Our team brought the knowledge of the tech stack and Focused Labs were bringing tools in terms of how to work and how to gain confidence about the software that is being built. Everyone’s adding value from day one,” says Reed. “Focused Labs are transferring their process to us and their job is to get out of here.”

Focused Labs embodied the best ways to produce valuable software for Aperture’s clients and worked alongside them to ensure they knew it was possible.

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Product-Market Fit Isn't Just for Start-ups


Product-Market Fit & Its Impact

Product-market fit is not just about having a good product; it’s about understanding the pain points of the target customer and bringing value in a user-centered and differentiated way. Without product-market fit, even the coolest product will not gain traction and adoption. 

The ways in which product-market fit has a significant impact on reducing risk and increasing confidence include:

  1. Increases Customer Satisfaction: When you have a product that meets the needs and desires of your target audience, it becomes much easier to acquire and retain customers.

  2. Increases Business Value: When your product generates more value, whether it's immediate revenue, rapid adoption, or organic growth, customers are willing to push your product to others, often leading to increased revenue and profit margins.

  3. Reduces Time to Market & Cost: When you have a deep understanding of your target audience and their needs, you can focus on the features and functions that matter most to your customers and avoid wasting time on those that don’t.

  4. Improves Brand Reputation: Customers whose problems are solved leave positive reviews and recommend your product to others, which can lead to more sales and improved brand awareness.

  5. Enables Sustainable Growth: Products that meet a real need lead to long-term success for your business, which is essential for survival in today’s competitive landscape.

Just like start-ups, enterprises want to reduce the risk of sunk costs and increase confidence in the investments they make to develop and grow new products. However, enterprise product managers face different challenges in their pursuit of product-market fit. They need to answer to a larger number of stakeholders, have established customers with a higher baseline expectation of needs to be addressed immediately, and have more organizational overhead to manage when making any pivots in product direction. This makes every decision made more impactful, thus benefiting even more than startup product managers when they’ve effectively applied product market fit practices.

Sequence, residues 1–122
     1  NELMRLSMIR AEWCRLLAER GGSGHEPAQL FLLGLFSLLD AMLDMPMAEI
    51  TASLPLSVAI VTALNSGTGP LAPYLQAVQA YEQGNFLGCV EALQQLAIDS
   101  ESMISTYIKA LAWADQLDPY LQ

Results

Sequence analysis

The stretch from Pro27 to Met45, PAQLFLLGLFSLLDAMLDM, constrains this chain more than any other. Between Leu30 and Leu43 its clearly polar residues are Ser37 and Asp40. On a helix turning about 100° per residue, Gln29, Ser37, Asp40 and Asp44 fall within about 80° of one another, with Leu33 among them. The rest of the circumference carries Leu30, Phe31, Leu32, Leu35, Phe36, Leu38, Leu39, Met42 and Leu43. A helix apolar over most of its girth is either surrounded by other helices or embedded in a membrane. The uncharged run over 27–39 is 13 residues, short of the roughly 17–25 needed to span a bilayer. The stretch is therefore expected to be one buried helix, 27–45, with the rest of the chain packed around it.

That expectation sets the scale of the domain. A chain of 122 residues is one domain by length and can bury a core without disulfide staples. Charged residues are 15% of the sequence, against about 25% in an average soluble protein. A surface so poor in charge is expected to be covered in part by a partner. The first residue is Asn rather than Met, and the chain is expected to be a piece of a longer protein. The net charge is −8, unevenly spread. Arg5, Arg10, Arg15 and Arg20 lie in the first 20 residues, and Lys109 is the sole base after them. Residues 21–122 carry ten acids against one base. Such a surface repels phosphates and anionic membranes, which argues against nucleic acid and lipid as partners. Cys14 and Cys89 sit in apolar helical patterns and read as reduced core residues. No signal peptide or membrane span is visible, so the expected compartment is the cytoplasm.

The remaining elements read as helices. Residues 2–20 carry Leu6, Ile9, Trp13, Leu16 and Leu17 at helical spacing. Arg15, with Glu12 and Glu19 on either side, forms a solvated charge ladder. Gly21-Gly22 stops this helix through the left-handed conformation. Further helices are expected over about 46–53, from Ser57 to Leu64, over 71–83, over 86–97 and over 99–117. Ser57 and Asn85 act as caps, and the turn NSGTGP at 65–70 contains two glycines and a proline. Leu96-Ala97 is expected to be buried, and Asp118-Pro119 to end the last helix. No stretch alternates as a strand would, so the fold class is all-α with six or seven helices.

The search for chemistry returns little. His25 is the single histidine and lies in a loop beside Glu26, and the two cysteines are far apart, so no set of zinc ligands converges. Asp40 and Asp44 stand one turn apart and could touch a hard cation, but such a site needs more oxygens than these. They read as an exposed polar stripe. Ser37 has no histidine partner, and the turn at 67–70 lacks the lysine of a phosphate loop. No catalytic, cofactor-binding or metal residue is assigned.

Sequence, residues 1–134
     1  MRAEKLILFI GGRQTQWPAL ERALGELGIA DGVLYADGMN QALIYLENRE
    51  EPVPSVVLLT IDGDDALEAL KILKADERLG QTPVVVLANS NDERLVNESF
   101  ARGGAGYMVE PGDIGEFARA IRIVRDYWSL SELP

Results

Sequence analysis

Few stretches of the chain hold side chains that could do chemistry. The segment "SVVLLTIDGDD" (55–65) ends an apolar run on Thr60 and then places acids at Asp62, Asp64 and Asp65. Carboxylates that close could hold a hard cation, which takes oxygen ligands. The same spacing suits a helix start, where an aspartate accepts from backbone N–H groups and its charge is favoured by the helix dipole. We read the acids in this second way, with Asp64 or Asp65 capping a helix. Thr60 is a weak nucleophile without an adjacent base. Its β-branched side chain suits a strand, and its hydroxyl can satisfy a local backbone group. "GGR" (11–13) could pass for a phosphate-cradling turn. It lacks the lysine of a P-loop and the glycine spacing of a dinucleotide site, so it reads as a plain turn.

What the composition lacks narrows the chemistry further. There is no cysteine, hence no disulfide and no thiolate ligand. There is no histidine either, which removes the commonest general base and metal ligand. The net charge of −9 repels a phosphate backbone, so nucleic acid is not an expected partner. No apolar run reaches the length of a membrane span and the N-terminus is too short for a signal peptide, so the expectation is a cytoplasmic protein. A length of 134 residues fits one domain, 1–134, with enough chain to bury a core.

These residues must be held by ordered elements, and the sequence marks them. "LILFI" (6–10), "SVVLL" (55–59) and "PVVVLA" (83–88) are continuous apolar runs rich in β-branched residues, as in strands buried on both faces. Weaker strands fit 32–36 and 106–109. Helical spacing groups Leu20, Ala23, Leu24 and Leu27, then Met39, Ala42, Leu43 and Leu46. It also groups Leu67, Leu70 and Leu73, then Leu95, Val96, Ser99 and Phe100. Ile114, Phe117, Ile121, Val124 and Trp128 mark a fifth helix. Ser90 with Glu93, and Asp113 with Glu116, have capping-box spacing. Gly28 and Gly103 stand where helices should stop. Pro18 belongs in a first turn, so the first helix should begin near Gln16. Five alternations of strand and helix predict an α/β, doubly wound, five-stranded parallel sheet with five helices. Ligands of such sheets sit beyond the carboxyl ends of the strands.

Product-Market Fit Applied

Product management requires a hybrid of functional and technical skills, balancing day-to-day activities with future planning. Product managers can achieve this balance by continuously monitoring four pillars of product-market fit: desirability, viability, feasibility, and strategic fit.

👫 Desirability (Think about the customer)

Become a problem solver by immersing yourself in the problems that customers face. Collaborate with designers to use User-Centered Design (UCD) practices to identify the problems that are worth solving. By identifying the most pressing problems and unmet needs of customers, you can design and build a solution that customers want to buy.

📊 Viability (Think about the business)

Drive value by understanding the desired business outcomes and determining if the target customer base is sufficient. Consider establishing key metrics to measure early and often in the experimentation and development process. This will help build confidence that the investment in development will yield the expected return.